In October of 1992, five U.S. Adorer missionaries in Liberia were murdered in that nation’s civil war. Sisters Barbara Ann Muttra, Shirley Kolmer, Mary Joel Kolmer, Agnes Mueller, and Kathleen McGuire are remembered today globally as the Martyrs of Charity. Within the community, they are still remembered as sisters and friends.
We stand on the shoulders of the women who came before us. These are the collections of their letters and the stories of their lives.
This biography of Mother Julitta Llsen unfolds along the lines of an adventure story where courageous people face situations well beyond the normal limits and win the high stakes that everyone would have said were unattainable.
By the time the foreign congregations were expelled from China — most of them by 1955 — religious orders had established local churches; nurtured education, especially for women; formed catechists; and ministered to the rural poor.
A Catholic sister living the life of the pioneers amid Kansas dust storms on the Great Plains, Beata Netemeyer dedicated her life to obeying God. The courage of her faith makes her decide what for others might seem madness.
The first Adorer in the United States, Sister Clementine Zerr was a pioneer who was described by her contemporaries as “timid.” But her timidity didn’t stop her from loving Christ and the Church and journeying to a new continent.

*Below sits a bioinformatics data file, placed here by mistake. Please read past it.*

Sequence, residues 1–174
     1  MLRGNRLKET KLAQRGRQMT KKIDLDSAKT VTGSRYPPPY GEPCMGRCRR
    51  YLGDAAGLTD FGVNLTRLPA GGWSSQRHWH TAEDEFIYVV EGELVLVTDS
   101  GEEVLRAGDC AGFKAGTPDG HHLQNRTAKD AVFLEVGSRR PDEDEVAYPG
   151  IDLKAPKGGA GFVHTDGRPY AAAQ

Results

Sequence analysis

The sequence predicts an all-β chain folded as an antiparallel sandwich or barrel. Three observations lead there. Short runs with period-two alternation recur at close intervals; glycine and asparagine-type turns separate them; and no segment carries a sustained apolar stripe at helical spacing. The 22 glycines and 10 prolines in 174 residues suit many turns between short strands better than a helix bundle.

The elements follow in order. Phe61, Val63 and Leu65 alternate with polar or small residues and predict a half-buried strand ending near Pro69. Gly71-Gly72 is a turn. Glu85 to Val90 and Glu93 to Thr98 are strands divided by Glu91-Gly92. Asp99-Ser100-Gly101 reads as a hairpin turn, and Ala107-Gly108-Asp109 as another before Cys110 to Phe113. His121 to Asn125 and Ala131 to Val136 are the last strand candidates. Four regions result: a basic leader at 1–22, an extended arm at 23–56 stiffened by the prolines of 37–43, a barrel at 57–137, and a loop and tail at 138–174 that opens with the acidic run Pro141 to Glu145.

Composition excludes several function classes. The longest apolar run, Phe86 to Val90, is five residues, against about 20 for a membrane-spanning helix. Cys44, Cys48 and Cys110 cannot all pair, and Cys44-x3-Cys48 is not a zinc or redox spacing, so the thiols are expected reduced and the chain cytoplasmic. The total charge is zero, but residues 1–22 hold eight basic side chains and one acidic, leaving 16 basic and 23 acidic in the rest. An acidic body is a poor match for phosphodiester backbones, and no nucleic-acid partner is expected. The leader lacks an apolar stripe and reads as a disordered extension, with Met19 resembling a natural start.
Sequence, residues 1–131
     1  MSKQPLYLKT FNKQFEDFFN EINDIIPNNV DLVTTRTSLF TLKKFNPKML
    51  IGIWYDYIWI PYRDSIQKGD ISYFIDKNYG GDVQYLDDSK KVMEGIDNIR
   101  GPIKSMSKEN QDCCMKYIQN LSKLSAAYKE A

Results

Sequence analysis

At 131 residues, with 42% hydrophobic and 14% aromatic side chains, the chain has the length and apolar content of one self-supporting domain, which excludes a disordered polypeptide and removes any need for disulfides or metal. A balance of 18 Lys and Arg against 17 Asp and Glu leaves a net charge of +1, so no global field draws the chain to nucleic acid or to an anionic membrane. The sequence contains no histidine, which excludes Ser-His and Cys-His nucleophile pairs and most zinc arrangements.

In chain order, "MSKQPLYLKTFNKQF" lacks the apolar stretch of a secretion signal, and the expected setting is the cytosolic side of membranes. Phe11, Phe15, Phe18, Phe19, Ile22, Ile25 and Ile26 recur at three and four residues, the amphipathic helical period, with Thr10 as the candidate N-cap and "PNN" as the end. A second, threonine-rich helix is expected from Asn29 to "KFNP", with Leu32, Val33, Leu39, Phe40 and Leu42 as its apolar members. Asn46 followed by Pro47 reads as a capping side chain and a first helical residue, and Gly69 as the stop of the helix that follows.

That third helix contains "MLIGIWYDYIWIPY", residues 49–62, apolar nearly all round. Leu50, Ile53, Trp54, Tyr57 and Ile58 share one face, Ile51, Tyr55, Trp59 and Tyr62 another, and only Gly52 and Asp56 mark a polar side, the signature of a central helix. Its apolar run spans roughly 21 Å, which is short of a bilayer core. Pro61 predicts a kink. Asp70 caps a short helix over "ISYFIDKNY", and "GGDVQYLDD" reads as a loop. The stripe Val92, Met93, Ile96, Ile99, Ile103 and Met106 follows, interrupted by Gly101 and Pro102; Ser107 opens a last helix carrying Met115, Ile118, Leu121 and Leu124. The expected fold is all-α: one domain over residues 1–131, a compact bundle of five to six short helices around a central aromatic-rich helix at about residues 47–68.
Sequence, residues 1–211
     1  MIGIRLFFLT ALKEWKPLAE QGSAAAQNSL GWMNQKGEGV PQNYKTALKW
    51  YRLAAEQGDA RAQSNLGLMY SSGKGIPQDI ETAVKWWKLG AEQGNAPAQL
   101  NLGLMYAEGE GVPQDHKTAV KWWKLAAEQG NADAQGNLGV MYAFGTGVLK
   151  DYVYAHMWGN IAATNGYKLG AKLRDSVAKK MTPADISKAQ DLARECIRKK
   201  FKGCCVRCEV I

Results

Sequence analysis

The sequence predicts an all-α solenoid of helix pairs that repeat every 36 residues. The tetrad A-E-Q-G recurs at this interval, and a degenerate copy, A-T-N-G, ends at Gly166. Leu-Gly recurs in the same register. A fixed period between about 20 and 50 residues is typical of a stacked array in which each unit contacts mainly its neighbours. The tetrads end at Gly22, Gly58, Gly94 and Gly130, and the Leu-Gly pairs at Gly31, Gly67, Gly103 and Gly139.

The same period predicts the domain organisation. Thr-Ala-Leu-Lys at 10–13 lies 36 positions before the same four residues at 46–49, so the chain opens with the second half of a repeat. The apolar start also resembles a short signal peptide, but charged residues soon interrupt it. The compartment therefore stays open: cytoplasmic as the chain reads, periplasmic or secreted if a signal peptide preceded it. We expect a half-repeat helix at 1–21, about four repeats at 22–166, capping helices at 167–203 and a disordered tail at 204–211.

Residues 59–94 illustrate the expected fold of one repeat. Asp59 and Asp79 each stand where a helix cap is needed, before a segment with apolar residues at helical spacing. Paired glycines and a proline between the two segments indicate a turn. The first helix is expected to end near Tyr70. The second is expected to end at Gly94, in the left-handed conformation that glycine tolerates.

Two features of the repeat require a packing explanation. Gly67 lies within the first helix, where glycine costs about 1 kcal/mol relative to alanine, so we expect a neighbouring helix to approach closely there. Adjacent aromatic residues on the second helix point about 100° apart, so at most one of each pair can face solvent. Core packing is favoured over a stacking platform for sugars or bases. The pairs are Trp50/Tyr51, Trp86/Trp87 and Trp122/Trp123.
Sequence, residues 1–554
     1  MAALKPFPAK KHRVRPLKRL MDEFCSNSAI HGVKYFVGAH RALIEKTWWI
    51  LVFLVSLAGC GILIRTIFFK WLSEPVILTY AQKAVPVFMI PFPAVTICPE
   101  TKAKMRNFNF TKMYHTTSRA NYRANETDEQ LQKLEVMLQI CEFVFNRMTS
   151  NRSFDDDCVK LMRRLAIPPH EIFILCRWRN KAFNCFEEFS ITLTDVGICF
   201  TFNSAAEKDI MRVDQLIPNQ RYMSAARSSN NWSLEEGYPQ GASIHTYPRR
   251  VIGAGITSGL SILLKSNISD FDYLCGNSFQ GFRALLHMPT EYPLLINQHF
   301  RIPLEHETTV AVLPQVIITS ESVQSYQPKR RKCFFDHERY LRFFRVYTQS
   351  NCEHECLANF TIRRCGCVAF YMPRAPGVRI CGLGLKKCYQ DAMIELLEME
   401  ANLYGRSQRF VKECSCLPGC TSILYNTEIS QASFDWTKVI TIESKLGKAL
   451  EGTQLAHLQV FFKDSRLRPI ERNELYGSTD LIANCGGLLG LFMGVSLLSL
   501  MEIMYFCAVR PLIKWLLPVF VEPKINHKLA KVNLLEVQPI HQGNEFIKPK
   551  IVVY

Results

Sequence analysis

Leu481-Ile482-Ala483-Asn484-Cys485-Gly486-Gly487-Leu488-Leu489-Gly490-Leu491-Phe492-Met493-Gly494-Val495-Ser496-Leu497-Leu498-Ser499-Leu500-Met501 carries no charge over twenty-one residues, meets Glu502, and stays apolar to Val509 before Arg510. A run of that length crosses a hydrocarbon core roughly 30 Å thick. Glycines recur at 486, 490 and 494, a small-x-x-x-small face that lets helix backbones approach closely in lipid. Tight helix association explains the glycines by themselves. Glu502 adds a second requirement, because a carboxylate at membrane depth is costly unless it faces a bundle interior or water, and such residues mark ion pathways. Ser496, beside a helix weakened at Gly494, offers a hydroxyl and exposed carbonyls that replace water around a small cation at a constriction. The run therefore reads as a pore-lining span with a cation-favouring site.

The journey of Hermina Gantert, a pioneer in Bosnia, was full of challenges and difficulties. Her and her followers’ German cultural roots clash with the intense heritage, customs, practices, religious beliefs and philosophy of life of the ancient Ottoman Empire, which existed for 600 years.
In October 1992, five Adorers were murdered in Liberia during the Civil War. Despite the dangers of the war, these women chose to remain in Liberia in solidarity with the people because they were convinced of the preciousness of every human person.
Described as the Angel of Altamira, Serafina Cinque was an Adorer who lived with strength and compassion, bringing God’s love to all lives she crossed. Her unique and troubled family history makes her holiness all the more outstanding.
In the 1960s, many more young Korean women were applying for membership in religious communities than the convents of Korea could accept. It grieved the bishop to see the Church deprived of potential religious women who were so badly needed in the various ministries for God’s suffering people. He asked if the Adorers would accept Korean women into their community if he made the option available to them. This is the story of our answer.
Sister Paulina Schneeberger is one of the great pillars in Adorers’ history. Moving from central Europe to the Balkan Peninsula, and eventually to the United States, Paulina Schneeberger lived a life of adventure from 1863 to 1941. Political events of the time influence this woman’s life, and form the ever-changing background for her journeys.
In her late 20s, Sister Maria Theresa Weber led a religious community in Steinerberg, Switzerland. People who knew her considered her a holy woman, even in her youth. Her life was brief, marked by suffering, humble dedication, and a passionate contemplation of the Crucified Christ in the mystery of his blood.